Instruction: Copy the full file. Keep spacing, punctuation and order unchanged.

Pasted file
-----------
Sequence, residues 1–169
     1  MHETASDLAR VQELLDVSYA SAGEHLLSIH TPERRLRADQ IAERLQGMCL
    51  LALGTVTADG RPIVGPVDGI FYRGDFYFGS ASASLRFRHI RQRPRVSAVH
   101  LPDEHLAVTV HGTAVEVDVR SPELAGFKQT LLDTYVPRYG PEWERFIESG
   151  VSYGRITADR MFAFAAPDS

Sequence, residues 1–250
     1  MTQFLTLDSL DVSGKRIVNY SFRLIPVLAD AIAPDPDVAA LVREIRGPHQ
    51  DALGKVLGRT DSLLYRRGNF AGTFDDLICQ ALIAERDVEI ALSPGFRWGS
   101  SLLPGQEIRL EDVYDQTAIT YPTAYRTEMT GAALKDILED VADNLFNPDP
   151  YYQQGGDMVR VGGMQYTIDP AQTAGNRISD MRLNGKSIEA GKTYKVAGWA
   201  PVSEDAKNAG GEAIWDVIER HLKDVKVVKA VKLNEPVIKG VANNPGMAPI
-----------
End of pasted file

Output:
Sequence, residues 1–169
     1  MHETASDLAR VQELLDVSYA SAGEHLLSIH TPERRLRADQ IAERLQGMCL
    51  LALGTVTADG RPIVGPVDGI FYRGDFYFGS ASASLRFRHI RQRPRVSAVH
   101  LPDEHLAVTV HGTAVEVDVR SPELAGFKQT LLDTYVPRYG PEWERFIESG
   151  VSYGRITADR MFAFAAPDS

Sequence, residues 1–250
     1  MTQFLTLDSL DVSGKRIVNY SFRLIPVLAD AIAPDPDVAA LVREIRGPHQ
    51  DALGKVLGRT DSLLYRRGNF AGTFDDLICQ ALIAERDVEI ALSPGFRWGS
   101  SLLPGQEIRL EDVYDQTAIT YPTAYRTEMT GAALKDILED VADNLFNPDP
   151  YYQQGGDMVR VGGMQYTIDP AQTAGNRISD MRLNGKSIEA GKTYKVAGWA
   201  PVSEDAKNAG GEAIWDVIER HLKDVKVVKA VKLNEPVIKG VANNPGMAPI